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Small parrots use wing-assisted hops to give them an added push - and it could be how dinosaurs learned to fly

  • Small parrots called parrotlets use a technique called wing-assisted hopping
  • They tend to hop from branch to branch when foraging in trees
  • But sometimes the distance is great enough that they must fly as well 
  • So they use their wings to give them an added push to get around 
  • The wing-assisted hop requires less energy than simply flying
  • It could also have been used by dinosaurs before they developed full flight

Researchers have discovered that small parrots called parrotlets use a special technique called wing-assisted hopping to conserve energy when hopping from branch to branch. 

They tend to hop from branch to branch when foraging, but sometimes the distance is great enough that they must fly as well - so they use their wings to give them an added push.

The wing-assisted hop requires less energy than simply flying, and it could have been used by dinosaurs before they developed full flight. 

Scroll down for video 

Parrotlets can assist and extend their long jumps with small 'proto-wingbeats,' which bird ancestors may have used to develop their foraging flight capabilities. Credit: Diana Chin, Lentink Lab

Parrotlets are small parrots that live from Mexico to southern parts of South America. 

Previous research has shown that parrots use the wing-assisted hops to help them get around, but researchers began wondering if the hopping was random or if it was optimized. 

So to find out, researchers based at Stanford University conducted a study where they created force-sensitive perches and filmed parrotlets as they hopped from branch to branch. 

When they studied the data from the perches and analyzed the videos, the researchers found that when distances between branches were small enough, the birds simply hopped. 

However, when the distance was greater, the birds used their wings to give them an added push.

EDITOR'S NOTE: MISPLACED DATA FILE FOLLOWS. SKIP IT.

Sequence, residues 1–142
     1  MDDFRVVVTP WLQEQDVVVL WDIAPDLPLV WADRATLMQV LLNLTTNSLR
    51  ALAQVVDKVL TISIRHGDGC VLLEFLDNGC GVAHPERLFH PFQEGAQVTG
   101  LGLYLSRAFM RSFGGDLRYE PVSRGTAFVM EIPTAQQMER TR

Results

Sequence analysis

The researchers then analyzed the data and compared the amount of energy expended using wing-assisted hops versus taking full flight.

The researchers found that the wing-assisted hop strategy did, indeed, optimize energy usage. 

Parrotlets are small parrots that live from Mexico to southern parts of South America. Previous research has shown that parrots use the wing-assisted hops to help them get around, but researchers began wondering if the hopping was random or if it was optimized

Previous research has shown that parrots use the wing-assisted hops to help them get around, but researchers began wondering if the hopping was random or if it was optimized.

So to find out, researchers based at Stanford University conducted a study where they created force-sensitive perches on an Aerodynamic Force Platform (AFP) and filmed parrotlets as they hopped from branch to branch. 

Schematic of the experimental design. (A) An Aerodynamic Force Platform (AFP) with force sensitive perches. Instrumented perches measure leg forces during takeoff (red) and landing (blue). Five high-speed cameras filmed the birds, and mirrors on the bottom plate provided a ventral view of the the wings. (B) To test how distance and inclination (γ) between perches modify locomotion, five variations were used

The researchers trained four Pacific Parrotlets to fly between two perches in the AFP. 

Each parrotlet was trained using habituation and positive reinforcement, where the bird was rewarded with millet seeds when it flew to the perch that the trainer pointed at using a finger or a target stick.

When the reearchers studied the data from the perches and analyzed the videos, the researchers found that when distances between branches were small enough, the birds simply hopped. 

Using their wings as a partial assist during a hop required less energy than simply taking full flight. 

So the researchers concluded that the birds were very efficient in their hopping and jumping.

Researchers built a model that replicated four particular dinosaurs and their behaviors, and found that for two of them, wing-like boosted flight could have increased their jump length by 20 percent

But then they wondered if wing-assisted hopping might have been used by dinosaurs before developing full flight abilities.

The researchers built a model that replicated four particular dinosaurs and their behaviors, and found that for two of them, wing-like boosted flight could have increased their jump length by 20 percent. 

This advantage could have led to increasingly long jumps as the dinosaurs grew smaller and lighter over time, eventually leading to fully realized flight.

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